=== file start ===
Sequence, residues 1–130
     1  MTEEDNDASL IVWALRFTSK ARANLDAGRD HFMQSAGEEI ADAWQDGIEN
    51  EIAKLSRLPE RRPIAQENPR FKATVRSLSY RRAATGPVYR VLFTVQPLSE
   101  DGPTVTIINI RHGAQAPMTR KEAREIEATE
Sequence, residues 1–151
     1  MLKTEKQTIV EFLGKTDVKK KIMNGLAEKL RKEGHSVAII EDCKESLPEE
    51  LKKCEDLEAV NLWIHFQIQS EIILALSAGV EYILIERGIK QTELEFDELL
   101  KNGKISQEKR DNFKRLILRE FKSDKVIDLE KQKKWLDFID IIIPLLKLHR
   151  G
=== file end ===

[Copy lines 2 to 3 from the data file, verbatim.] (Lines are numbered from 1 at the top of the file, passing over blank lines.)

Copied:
     1  MTEEDNDASL IVWALRFTSK ARANLDAGRD HFMQSAGEEI ADAWQDGIEN
    51  EIAKLSRLPE RRPIAQENPR FKATVRSLSY RRAATGPVYR VLFTVQPLSE